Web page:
up in Osaka/Sakai (I would have also liked to travel to Seki and seek out other less accessible manufacturers across the land, but both time and money were a factor). I had printed maps, addresses and direction for all the knife shops and was ready to fit my holiday around my knife shopping trip.

Friday, August 12, 2011

Diary of a Chocoholic

Note to self - after eating chocolate, remember to check lips in mirror. A chocolate-smeared mouth might look good on a toddler but on a fully-grown adult, it's a little less adorable!

I have to confess, this blog was originally about only one chocolate but then I found some more chocolate that was worth talking about so this has been building since Christmas last year.

These first two chocolates, Premium M&Ms were originally bought as last minute Christmas presents.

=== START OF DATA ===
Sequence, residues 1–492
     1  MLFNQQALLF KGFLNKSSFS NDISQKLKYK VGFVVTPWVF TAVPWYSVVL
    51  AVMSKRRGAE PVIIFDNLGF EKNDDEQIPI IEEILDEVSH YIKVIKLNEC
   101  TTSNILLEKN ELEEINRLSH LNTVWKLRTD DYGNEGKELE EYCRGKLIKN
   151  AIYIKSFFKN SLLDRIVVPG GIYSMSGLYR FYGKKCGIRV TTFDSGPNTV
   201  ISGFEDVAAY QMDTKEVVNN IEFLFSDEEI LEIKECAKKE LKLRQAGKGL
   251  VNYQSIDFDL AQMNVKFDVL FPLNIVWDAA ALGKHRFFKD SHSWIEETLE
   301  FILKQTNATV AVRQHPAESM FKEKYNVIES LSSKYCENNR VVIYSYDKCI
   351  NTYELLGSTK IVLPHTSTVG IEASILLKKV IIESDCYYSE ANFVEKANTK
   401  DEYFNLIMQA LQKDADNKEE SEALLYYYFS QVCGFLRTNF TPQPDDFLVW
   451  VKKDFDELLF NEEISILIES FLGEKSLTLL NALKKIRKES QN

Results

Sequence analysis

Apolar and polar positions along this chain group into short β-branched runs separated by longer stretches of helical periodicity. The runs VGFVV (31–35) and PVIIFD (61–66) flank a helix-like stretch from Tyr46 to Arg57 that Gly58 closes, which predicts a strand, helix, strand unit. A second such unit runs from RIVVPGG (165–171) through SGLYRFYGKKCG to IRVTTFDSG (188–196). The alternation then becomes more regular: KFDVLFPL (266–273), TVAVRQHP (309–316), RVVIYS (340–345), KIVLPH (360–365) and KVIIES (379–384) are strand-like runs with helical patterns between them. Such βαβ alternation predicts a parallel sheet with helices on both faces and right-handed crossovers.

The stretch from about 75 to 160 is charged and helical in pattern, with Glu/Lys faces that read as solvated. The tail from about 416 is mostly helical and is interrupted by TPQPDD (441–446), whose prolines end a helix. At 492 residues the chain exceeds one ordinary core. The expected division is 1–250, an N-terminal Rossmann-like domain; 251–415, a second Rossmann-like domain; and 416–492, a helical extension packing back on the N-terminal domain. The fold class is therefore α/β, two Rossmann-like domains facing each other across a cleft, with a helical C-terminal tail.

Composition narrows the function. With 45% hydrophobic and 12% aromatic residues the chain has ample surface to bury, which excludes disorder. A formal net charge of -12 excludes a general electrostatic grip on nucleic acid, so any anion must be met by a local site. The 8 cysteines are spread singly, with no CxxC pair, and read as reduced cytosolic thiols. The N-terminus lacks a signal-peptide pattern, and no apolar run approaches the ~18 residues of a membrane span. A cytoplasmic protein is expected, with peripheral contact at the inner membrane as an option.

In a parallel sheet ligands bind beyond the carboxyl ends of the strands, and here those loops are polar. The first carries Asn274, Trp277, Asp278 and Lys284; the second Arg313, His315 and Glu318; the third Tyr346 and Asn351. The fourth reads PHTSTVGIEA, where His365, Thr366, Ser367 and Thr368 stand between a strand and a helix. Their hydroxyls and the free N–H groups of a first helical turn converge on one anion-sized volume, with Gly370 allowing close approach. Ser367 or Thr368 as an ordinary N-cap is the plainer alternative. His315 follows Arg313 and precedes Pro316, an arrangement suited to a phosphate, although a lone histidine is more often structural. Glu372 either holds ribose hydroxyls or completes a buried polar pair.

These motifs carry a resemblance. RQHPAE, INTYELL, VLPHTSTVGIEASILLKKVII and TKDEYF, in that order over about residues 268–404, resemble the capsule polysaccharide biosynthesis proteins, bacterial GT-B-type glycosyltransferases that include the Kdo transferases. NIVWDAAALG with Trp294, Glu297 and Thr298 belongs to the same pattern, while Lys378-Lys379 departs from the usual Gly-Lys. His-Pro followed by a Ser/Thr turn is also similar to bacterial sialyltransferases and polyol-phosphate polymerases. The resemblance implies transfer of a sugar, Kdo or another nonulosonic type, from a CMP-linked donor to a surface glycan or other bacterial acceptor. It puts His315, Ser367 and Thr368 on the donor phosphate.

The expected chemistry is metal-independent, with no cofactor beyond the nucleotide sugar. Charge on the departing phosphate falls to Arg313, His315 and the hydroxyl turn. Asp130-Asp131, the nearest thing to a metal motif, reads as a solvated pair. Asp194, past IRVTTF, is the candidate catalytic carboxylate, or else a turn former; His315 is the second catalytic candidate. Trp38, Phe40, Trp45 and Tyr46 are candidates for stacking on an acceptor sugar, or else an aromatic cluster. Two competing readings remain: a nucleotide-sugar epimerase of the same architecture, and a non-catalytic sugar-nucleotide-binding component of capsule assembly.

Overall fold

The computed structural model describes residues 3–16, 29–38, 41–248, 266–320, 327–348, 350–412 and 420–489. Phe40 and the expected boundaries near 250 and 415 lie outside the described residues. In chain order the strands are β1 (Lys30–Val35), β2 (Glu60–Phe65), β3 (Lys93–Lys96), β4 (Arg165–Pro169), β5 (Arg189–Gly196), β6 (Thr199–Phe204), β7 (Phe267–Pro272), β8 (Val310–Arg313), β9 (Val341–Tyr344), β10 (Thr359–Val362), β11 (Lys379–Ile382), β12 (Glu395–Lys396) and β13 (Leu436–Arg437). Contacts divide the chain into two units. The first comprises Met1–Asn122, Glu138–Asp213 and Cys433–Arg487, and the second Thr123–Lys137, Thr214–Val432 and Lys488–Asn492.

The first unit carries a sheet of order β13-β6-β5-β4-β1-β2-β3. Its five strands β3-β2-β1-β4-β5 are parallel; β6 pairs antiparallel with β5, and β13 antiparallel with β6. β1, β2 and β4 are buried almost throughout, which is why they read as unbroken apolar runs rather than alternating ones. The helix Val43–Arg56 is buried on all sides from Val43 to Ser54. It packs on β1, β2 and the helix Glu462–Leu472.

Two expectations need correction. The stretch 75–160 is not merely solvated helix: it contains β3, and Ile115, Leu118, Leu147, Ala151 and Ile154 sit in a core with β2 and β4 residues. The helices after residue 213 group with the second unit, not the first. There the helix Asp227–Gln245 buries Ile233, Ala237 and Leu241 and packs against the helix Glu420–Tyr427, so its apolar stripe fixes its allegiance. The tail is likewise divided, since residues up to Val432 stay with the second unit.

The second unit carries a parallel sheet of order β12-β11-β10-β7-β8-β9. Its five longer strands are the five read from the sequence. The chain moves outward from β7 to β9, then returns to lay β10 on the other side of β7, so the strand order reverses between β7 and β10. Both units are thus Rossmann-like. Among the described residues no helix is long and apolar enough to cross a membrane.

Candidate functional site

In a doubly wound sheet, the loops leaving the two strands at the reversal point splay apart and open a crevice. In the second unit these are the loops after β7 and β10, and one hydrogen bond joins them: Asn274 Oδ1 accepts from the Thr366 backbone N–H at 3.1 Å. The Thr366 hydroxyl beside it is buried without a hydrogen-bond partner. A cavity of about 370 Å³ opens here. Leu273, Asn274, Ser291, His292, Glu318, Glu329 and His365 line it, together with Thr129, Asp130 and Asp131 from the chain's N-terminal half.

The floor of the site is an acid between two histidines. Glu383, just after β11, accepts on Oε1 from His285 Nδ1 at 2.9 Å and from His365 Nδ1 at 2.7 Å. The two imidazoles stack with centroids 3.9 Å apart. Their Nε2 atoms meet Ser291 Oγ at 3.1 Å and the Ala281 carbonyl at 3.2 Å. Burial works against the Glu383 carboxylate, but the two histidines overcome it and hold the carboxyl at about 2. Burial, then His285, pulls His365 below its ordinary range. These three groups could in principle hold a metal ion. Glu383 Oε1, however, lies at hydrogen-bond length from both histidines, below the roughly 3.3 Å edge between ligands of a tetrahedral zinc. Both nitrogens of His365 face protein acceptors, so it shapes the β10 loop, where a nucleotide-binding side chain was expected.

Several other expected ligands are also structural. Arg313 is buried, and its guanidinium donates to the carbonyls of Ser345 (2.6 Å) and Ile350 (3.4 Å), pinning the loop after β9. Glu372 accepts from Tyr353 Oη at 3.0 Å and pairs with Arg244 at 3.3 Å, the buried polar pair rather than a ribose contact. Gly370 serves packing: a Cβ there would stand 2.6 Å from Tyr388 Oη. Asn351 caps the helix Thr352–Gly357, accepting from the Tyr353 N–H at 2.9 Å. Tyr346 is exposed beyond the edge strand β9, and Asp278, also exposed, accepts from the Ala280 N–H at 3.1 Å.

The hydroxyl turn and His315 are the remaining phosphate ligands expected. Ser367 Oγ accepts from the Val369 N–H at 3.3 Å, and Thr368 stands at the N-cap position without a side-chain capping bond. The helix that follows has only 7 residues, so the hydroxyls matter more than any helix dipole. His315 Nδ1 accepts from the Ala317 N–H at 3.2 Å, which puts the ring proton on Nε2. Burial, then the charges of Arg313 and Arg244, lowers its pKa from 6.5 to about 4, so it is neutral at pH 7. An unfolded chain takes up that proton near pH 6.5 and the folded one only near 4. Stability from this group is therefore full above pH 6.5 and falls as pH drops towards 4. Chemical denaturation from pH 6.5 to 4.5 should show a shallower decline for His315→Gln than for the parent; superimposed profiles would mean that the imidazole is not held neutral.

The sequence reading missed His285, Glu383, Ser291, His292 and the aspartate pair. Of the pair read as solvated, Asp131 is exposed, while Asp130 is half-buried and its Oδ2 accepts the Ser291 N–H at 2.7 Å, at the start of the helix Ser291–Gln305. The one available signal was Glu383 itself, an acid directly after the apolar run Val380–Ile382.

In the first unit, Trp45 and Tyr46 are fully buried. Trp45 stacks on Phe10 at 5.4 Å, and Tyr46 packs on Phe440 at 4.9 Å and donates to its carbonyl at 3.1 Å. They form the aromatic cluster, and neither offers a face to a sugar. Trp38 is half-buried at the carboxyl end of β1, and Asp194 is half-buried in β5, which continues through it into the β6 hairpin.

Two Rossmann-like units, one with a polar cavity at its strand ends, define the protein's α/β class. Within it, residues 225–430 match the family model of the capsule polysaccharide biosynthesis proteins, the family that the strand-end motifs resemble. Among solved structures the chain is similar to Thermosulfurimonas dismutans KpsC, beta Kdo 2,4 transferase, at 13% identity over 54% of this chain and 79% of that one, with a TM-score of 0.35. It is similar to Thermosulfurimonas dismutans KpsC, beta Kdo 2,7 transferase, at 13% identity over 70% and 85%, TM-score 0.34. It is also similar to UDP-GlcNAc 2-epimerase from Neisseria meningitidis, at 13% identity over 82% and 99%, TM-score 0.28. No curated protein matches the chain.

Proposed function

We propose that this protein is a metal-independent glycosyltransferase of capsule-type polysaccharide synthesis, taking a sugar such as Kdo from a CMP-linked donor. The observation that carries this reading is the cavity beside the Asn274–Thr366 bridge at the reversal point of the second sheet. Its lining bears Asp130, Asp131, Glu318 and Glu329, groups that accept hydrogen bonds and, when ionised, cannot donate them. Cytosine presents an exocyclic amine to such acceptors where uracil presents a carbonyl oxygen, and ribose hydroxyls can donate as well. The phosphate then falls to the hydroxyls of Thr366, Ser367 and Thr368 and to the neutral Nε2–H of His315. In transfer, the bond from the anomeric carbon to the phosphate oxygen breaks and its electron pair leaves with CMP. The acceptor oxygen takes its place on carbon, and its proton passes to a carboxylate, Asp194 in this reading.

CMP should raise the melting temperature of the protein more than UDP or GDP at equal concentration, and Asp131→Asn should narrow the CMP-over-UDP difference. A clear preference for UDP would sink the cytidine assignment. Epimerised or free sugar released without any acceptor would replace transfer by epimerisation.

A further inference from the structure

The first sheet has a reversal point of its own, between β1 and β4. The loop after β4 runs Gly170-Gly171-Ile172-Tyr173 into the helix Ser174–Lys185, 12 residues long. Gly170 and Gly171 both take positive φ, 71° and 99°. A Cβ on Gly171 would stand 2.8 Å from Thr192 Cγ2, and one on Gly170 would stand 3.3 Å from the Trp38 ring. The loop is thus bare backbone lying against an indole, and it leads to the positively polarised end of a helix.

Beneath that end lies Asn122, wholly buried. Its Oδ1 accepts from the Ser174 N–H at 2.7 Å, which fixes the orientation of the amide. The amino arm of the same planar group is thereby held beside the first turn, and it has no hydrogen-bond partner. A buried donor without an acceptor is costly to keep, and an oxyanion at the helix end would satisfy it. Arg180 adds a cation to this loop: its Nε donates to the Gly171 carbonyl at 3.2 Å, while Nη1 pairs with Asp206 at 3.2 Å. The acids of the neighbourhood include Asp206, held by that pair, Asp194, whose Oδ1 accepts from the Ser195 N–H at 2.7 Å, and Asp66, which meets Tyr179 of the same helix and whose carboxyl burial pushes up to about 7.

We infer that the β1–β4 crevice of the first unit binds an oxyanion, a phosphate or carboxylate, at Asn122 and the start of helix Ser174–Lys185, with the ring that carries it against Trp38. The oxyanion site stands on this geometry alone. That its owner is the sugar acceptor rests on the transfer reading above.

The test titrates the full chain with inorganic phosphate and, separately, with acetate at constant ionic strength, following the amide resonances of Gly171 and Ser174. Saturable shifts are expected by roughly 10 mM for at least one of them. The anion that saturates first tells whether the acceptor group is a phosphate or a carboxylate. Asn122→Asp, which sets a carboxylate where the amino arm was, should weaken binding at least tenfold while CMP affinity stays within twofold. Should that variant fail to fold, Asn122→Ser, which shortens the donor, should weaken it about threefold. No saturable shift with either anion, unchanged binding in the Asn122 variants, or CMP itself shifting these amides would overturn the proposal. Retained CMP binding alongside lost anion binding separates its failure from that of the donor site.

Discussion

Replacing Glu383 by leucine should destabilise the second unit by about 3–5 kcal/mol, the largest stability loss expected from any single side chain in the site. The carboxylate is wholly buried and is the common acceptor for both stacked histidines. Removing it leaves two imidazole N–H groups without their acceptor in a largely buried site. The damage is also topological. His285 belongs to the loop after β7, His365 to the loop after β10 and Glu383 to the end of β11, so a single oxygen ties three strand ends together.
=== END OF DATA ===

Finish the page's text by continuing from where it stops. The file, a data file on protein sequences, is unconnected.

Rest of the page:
I found these in our local shopping centre in a small cart (Lolly Castle) which sells a selection of international goodies that aren't found on the shelves of our local supermarkets; Pop Tarts, Babe Ruth bars, Junior Mints, all types of unusual Pringle-like, non-Pringle reconstituted potato snacks, and they're my lone supplier of Dr Pepper, the only carbonated softdrink to which I'm addicted. (So much so that before they started importing them, I tried to make my own version after my first trip to America where I drank it almost every day but that's another story!).

The plastic bag was inside a light cardboard sleeve but I was obviously so keen to get into the chocolate that I didn't bother about the packaging! : )
The candies themselves had a similar textured sheen that was reminiscent of tie dyeing.

Monday, August 8, 2011

Friday, July 15, 2011

How to Eat Your 5 Fruits & Vegetables Without Really Trying!

Okay, okay, I know this isn't going to be popular but bear with me!

If you follow the food pyramid, you know that for a balanced diet, fruits and vegetables should play a big part in our diets. But it's hard to get the full range and the taste of some of them leaves something to be desired.